Heart Attack

To do its job—pump blood to every part of the body—the heart needs its own supply of oxygen-rich blood. That pipeline is provided by the coronary arteries. No wider than strands of spaghetti, these arteries deliver blood to hard-working heart muscle cells. A heart attack occurs when blood flow through a coronary artery is suddenly blocked. A blood clot can block flow; so can a sudden spasm of the artery.

Each coronary artery supplies blood to a specific part of the heart. A blockage damages that part of the heart. Depending on the location and amount of heart muscle affected, a blockage can seriously interfere with the heart's ability to pump blood. Since some of the coronary arteries supply areas of the heart that regulate heartbeat, blockages there can cause potentially deadly abnormal heartbeats.

The most common symptom of a heart attack is chest pain, usually described as crushing, squeezing, pressing, heavy, stabbing, or burning. The pain or feeling tends to be focused either in the center of the chest or just below the center of the rib cage, but it can spread to the arms, abdomen, neck, lower jaw or neck. Other symptoms can include sudden weakness, sweating, nausea, vomiting, breathlessness, or lightheadedness.

If you think that you, or someone you are with, is having a heart attack, call 911 right away. The sooner you call, the sooner treatment can begin — "time is muscle," as emergency room doctors say. The most effective treatments are artery-opening angioplasty with stent placement or an infusion of a clot-busting drug.

Heart Attack Articles

Don’t stress about heart health

When stress becomes more frequent or lingers—what’s known as chronic stress—it can cause excessive strain throughout the body and lead to higher inflammation, higher blood pressure, elevated cholesterol, and sleep disturbances—all factors that contribute to a higher risk for heart disease, heart attacks, and strokes. By practicing certain behaviors, people can train their brain and body not to let chronic stress control them. (Locked) More »

Is nighttime the right time for blood pressure drugs?

Taking blood pressure drugs before bed may lower the risk of serious heart-related problems more than taking the drugs in the morning. Bedtime dosing lowers blood pressure in the early morning, when the risk of heart attack and stroke is highest. People ages 55 and older (who are less likely to experience a decrease in blood pressure at night) may gain the most benefit from nighttime blood pressure dosing. Some blood pressure drugs cause a dramatic drop in blood pressure soon after they’re taken, so doctors advise people to take them at night to avoid falls. Other drugs have a sedating effects, which can help people fall asleep. (Locked) More »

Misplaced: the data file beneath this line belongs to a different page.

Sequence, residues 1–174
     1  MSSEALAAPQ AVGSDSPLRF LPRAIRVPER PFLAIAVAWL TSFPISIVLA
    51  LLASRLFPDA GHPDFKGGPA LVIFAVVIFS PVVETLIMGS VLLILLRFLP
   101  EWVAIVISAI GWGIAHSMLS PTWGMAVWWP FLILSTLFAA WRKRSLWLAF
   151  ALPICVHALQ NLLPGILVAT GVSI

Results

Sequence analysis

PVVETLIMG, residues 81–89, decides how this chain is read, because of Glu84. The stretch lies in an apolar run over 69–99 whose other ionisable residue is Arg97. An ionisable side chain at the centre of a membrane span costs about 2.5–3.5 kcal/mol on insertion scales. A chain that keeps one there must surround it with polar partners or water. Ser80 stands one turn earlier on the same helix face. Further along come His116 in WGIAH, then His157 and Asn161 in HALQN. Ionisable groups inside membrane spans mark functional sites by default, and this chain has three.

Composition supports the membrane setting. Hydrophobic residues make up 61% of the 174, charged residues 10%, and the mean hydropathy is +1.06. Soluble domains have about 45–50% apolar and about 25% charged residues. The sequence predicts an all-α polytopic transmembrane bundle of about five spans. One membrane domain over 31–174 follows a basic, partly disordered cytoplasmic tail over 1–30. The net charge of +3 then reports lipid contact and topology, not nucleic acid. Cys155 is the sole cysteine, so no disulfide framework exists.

Hot flashes and heart health

Results of a recent study suggest a link between frequent and persistent hot flashes and a higher risk of cardiovascular disease. However, even among women who had more hot flashes, the overall odds of having a heart-related event was still low. Since most women experience hot flashes around the time of menopause, more research is needed to better define the frequency and severity of hot flashes that would warrant extra attention to cardiovascular risk. (Locked) More »

Omega-3 supplements may improve heart health

A review of existing data suggests daily omega-3 supplements may protect against heart attack and death from coronary artery disease. This suggests that supplements might be an alternative for people who have trouble getting enough omega-3s from fish in their diet. More »

Advice about taking aspirin and statins after age 75

Low-dose aspirin and statins are mainstays for preventing heart disease. But for people ages 75 and older, there is less information about the safety and efficacy of these drugs than there is for younger people. According to estimates, nearly half of people ages 70 and older without heart disease take daily aspirin. But as people age, they may be more prone to bleeding, a potentially dangerous side effect of aspirin. Statins are associated with fewer and less serious complications than aspirin, yet people tend to worry more about statin side effects, especially muscle aches. For avoiding heart attacks, taking a statin is probably a safer and more effective approach than taking aspirin. But older people should consult with a doctor about whether to start, stay on, or stop either of these medications. (Locked) More »

Who needs aspirin?

Aspirin is prescribed to help protect people with cardiovascular disease against heart attacks and strokes. Yet, because aspirin is so readily available and familiar, many people who don’t need it take it on their own. This can expose them to potentially dangerous side effects, like severe bleeding, and can do more harm than good. (Locked) More »